Details regarding the spatial ICS and k-space ICS (kICS) analyses are found in the supporting materials and references (Wiseman and Petersen, 1999; Kolin et al., 2006). Spatial ICS was used to quantify CFTR cluster density (CD; i.e., the average number of independent fluorescent entities per unit area, No. clusters/µm2) and the degree of aggregation (DA; i.e., proportional to the number of fluorescent particles per cluster, the cluster size).
A modification of the kICS analysis was used to study CFTR membrane dynamics (Pandzic, 2013; Abu-Arish et al., 2015). Briefly, the k-space temporal correlation function is obtained by calculating the temporal correlation function from the k-space domain image time series (kx, ky, t). This reciprocal space time series input is first obtained by performing a two-dimensional spatial fast-Fourier transform on each image (x, y) in the original fluorescence microscopy time series. A two-component exponential fit is applied to the k-space time correlation function for a single molecular species system that exhibits confined (micro-scale) and unconfined (macro-scale) diffusion dynamics within and between small domains distributed in two dimensions. The model yields effective mean squared displacements (MSDs) for the confined (Dmicroτ) and unconfined (Dmacroτ) populations of molecules and their respective amplitude parameters ( and ) at each time lag.
The slope of the macro MSD-versus-τ plot yields Dmacro, an effective diffusion coefficient of CFTR that averages over its behavior both within and between microdomains, as has been shown using computer simulations (Pandzic, 2013). The slope of the first three temporal lags in the micro MSD-versus-τ plot was used to calculate Dmicro, an effective diffusion coefficient for particles that are confined within membrane domains. The steady-state fractions within the “macro” and “micro” populations were calculated from the amplitudes at long temporal lag values. The y axis intercept of the micro MSD plot extrapolated from long temporal lags τ is R2/4. The R value and domain confinement are inversely related (Pandzic, 2013); i.e., the smaller the R value, the stronger the domain confinement and vice versa. Thus, the R value provides a measure of confinement strength.
CSB and immunoblotting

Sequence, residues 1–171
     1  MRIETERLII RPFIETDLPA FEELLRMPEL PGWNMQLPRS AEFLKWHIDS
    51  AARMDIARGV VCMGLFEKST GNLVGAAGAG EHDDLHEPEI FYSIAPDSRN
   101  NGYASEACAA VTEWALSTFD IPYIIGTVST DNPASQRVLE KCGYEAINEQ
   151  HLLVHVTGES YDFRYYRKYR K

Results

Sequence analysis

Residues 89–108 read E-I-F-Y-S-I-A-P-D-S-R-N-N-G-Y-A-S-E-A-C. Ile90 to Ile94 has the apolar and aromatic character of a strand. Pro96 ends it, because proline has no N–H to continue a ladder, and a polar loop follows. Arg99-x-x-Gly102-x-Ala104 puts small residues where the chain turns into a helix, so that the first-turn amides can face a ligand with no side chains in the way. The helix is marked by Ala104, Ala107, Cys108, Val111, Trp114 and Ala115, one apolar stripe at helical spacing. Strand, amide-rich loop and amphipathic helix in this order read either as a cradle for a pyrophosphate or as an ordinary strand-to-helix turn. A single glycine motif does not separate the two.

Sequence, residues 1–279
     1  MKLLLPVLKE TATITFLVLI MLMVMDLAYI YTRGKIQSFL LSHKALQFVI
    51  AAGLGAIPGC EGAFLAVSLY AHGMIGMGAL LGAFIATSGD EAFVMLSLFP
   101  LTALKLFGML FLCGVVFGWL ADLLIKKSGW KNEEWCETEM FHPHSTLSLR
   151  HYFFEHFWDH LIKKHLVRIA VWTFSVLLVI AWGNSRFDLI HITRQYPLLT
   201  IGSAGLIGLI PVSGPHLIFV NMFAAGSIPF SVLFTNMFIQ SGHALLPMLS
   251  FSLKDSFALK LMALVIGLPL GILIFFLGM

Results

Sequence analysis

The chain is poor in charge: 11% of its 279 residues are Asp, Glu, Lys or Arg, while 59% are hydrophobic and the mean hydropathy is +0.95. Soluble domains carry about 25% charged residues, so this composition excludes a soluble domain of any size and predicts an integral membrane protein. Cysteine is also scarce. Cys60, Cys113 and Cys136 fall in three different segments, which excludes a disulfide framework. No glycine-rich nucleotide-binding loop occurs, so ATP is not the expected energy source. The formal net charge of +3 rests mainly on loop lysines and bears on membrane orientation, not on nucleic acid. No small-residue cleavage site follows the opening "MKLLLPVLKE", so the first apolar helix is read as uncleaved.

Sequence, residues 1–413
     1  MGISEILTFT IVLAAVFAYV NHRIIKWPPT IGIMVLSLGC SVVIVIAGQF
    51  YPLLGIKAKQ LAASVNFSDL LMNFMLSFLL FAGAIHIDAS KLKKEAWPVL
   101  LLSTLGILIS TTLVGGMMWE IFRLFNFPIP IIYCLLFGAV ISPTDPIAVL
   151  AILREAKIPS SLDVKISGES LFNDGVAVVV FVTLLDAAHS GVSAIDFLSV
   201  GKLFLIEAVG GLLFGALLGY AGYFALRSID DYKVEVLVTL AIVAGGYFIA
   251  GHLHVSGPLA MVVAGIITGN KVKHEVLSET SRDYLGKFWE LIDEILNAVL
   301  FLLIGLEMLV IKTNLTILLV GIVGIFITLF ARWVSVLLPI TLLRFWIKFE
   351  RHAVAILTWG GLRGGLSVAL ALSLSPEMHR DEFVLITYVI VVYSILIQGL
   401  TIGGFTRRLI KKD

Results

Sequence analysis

To quantify CFTR at the cell surface biochemically, CFBE41o− cells expressing WT CFTR were cultured to ∼95% confluence, serum-starved in OptiMEM medium (5% CO2/95% air, 37°C) for 24 h, exposed to 200 nM VIP or vehicle for 1 h to allow maximal lipid redistribution and platform induction, then surface biotinylated as described previously (Luo et al., 2009). Briefly, cultures were rinsed twice with ice-cold PBS and once with sodium borate buffer containing (in mM) 10 boric acid, 154 NaCl, 7.2 KCl, and 1.8 CaCl2, pH 9, then exposed for 15 min in the dark to sulfo-NHS-SS-biotin (sulfosuccinimidyl-20(biotinamido)ethyl-1,3-dithiopropionate; Pierce Biotechnology) that had been freshly dissolved in borate buffer at 0.5 µg/ml. After three rinses with quenching buffer (25 mM Tris and 192 mM glycine, pH 8.3), cells were scraped and solubilized in 200 µl ice-cold radioimmunoprecipitation assay buffer (RIPA) lysis buffer (150 mM NaCl, 1 mM Tris/HCl, 1% wt/vol deoxycholic acid, 1% wt/vol Triton X-100, 0.1% SDS, and protease inhibitors) for 20 min. Lysates were centrifuged at 4°C, and total cellular protein content was measured in the supernatant. Aliquots containing 500 µg protein were incubated with 50 µl streptavidin-agarose beads (preequilibrated with RIPA buffer) for 2 h at 4°C. Beads were rinsed five times with RIPA buffer; then 2× sample buffer (4% wt/vol SDS, 20 mM dithiothreitol, 20% wt/vol glycerol, 125 mM Tris/HCl, and 0.2% bromphenol blue, pH 6.8) was added at a 1:1 ratio to elute adsorbed proteins. Cells and lysates were kept on ice, and solutions were prechilled to 4°C. Proteins were transferred to nitrocellulose membranes for immunoblotting. Scanning densitometry was used for analysis, and measurements were normalized to the signal for Na+/K+ pump α subunit, a housekeeping membrane protein that is also biotinylated and pulled down. Immunoblots were also probed for biotinylated actin to check for leakage of sulfo-NHS-SS-biotin into cells (Luo et al., 2009).